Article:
A sixth-century mosaic of Byzantine ruler Justinian and his court in the church of San Vitale in Ravenna, Italy.Getty Images
New research from the University of Barcelona looks at the parallels between the current pandemic and the disease that swept across the Byzantine Empire 1,500 years ago
The pandemic originated in a foreign land and extended quickly through all the ports where infected passengers arrived – whether asymptomatic or not. There was no medical cure available to stop it, all residents were confined to their homes to avoid contagion, the economy ground to a halt, the army was deployed on the streets, exhausted physicians worked themselves to the bone, and there were thousands of daily victims whose bodies went without burial “for days on end, because diggers could not work fast enough…”
This is not an account of the coronavirus pandemic of 2020. It is the chronicle provided by the historian Procopius of Caesarea about the outbreak of bubonic plague that befell the known world between 541 and 544, under Byzantine Emperor Justinian I. The disease swept across a vast territory, from China to the port cities of Hispania, as the Romans called the Iberian Peninsula.
A new study called La Plaga de Justinià, Segons el Testimoni de Procopi, (or The Plague of Justinian According to the Testimony of Procopius), by Jordina Sales Carbonell, a researcher at Barcelona University, adds new relevance to this ancient tale written 1,500 years ago.
“As of April 1, 2020, certain similarities and parallels observed in human behavior with regard to a virus and its consequences seem so familiar and contemporary that, despite the tragedy we are all personally experiencing, it remains a source of wonderment how history repeats itself,” writes this archeologist and historian Sales Carbonell, who works at the university’s Institute of Medieval Culture Research.
In the year 541, under the Byzantine ruler Justinian, there was an outbreak of bubonic plague in the empire. “The alarm was sounded in Egypt, from where the infection expanded quickly and lethally.” Procopius reflected it in his book History of the Wars, where he recounted Justinian’s military campaigns in Italy, Northern Africa and Hispania, and how soldiers spread the disease throughout the ports where they stopped – fundamentally in Europe, North Africa, the Sasanian Empire (Persia) and from there as far as China.
As the legal advisor to Belisarius, Justinian’s chief military commander, Procopius tagged along on the latter’s campaigns and thus became a “privileged witness” to the effects of a pandemic that came to be known as the Plague of Justinian.
“An epidemic broke out that nearly wiped out the entire human race and which is impossible to find an explanation for with words, not even with thoughts, except to put it down to the will of God,” wrote Procopius. “This epidemic did not affect a limited portion of the Earth, nor a specific set of men, nor was it reduced to a specific season of the year […], but instead spread and attacked all human life, no matter how different the individuals might be, without regard for nature or age.” The disease reached “every far corner of the world, as though afraid that it might miss a spot.”
A year after first being detected, the plague reached the capital of the empire, Byzantium (modern-day Istanbul), ravaging it for four months. “There was complete confinement and isolation,” writes Sales Carbonell in her study. “It was absolutely mandatory for ill people. But there was also a sort of spontaneous and intuitively voluntary self-confinement, largely motivated by the circumstances.”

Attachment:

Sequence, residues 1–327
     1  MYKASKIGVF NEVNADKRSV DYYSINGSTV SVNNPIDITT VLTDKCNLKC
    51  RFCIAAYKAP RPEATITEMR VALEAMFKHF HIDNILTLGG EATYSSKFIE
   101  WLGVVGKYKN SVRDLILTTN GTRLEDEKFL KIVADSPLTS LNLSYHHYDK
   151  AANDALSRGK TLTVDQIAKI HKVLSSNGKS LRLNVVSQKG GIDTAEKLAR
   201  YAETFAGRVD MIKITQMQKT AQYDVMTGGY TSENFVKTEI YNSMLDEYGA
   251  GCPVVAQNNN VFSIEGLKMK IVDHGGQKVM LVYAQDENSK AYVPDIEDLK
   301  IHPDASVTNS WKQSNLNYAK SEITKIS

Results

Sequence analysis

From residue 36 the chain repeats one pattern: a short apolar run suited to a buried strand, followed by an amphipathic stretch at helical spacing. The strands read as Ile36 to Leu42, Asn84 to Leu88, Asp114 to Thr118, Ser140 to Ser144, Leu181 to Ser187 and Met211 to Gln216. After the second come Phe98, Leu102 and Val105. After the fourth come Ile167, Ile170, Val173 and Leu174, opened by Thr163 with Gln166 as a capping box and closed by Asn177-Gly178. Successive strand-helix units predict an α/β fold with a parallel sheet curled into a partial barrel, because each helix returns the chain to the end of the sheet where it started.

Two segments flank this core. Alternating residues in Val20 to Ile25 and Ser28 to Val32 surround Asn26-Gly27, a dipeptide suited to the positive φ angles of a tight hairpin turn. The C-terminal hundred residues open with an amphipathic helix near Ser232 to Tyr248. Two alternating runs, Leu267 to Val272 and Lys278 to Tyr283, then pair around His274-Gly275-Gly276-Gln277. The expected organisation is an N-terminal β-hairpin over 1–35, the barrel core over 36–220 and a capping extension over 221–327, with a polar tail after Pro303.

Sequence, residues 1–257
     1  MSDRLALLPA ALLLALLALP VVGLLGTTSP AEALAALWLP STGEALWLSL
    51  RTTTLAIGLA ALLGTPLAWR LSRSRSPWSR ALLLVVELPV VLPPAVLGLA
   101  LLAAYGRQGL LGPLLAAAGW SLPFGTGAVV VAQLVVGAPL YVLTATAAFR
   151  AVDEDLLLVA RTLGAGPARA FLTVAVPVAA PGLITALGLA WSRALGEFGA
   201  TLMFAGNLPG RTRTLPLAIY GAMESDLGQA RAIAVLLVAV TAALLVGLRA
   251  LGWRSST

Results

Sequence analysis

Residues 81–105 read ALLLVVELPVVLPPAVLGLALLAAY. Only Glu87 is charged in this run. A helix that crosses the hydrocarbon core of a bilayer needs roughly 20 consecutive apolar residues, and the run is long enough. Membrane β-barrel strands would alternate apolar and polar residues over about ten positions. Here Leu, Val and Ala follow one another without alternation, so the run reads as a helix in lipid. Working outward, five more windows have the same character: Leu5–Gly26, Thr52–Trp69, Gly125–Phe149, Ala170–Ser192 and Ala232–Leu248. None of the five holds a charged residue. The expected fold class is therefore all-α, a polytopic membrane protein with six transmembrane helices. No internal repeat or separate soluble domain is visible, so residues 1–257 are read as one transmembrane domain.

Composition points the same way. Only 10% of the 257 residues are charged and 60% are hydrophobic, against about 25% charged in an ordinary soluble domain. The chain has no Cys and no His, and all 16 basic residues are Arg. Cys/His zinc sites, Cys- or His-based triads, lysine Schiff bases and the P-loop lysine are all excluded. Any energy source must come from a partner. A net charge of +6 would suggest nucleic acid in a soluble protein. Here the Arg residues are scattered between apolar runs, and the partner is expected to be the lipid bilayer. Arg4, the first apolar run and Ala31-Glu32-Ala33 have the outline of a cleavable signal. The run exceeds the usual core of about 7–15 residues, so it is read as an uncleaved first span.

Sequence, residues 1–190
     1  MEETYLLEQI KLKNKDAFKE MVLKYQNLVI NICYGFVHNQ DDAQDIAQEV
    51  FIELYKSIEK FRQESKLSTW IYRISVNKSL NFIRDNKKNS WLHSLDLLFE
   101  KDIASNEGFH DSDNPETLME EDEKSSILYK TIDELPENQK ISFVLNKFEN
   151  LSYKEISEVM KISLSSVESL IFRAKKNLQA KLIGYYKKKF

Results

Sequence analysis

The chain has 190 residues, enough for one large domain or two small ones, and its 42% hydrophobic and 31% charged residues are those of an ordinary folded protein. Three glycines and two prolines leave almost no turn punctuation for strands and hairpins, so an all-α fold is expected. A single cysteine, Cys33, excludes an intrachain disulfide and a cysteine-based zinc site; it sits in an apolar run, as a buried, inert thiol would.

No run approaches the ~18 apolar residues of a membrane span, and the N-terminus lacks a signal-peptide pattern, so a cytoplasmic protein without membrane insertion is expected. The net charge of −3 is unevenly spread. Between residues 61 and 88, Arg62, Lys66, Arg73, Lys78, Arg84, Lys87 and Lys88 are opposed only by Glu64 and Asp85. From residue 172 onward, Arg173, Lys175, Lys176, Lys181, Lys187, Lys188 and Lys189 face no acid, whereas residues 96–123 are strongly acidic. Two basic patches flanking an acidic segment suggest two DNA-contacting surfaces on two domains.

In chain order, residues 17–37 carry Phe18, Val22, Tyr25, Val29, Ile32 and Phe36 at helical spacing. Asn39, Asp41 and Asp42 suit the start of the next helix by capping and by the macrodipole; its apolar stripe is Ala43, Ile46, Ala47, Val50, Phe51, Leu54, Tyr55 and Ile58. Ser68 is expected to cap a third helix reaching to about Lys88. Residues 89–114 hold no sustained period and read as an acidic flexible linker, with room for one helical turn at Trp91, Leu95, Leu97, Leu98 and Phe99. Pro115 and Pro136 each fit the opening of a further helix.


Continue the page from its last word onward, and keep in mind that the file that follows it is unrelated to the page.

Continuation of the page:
“It was not at all easy to see anybody in public spaces, at least in Byzantium; instead everyone who was healthy was at home, caring for the sick or crying over their dead,” wrote Procopius.
Meanwhile, the economy was taking a nosedive. “Activity ceased and craftsmen dropped all the work they had been doing.” Unlike today, however, authorities were unable to guarantee the supply of essential services. “It seemed very hard to obtain bread or any other kind of food, so that, in the case of some patients, the end of their life was no doubt premature due to the lack of essential items,” wrote Procopius in History of the Wars.
“Many died because they had nobody to care for them,” he added. The caregivers of the era “dropped from exhaustion because they were unable to rest and were constantly suffering. Because of it, everyone felt more sorry for them than for the sick.”
Patrols on the streets
In light of the desperate situation, the emperor sent out groups of palace guards to patrol the streets and the bodies of people who died alone were buried at the expense of the imperial coffers, wrote the historian. Even Justinian himself fell prey to the plague, but he overcame it and continued to reign for over a decade.
The mortality peaks rose from 5,000 to 10,000 victims a day and more, so that, “although at first everyone cared for their dead at home, chaos became inevitable and corpses were also thrown inside the graves of others, either by stealth or using violence.” In time, the bodies began to pile up inside the wall towers, and there were no funeral services for them.
When the pandemic finally ended, one positive thing came out of it.
“Those who had backed the various political factions dropped the mutual reproaches. Even those who had previously been given to low and evil acts abandoned all evil in their everyday lives, because imperious need made them learn about honesty,” wrote Procopius.
“This element of poetry offers a modicum of hope that maybe we will get through this and not trip again over the same stone,” says Sales Carbonell, sounding more hopeful than sure of herself.
The is originally published in EL PAIS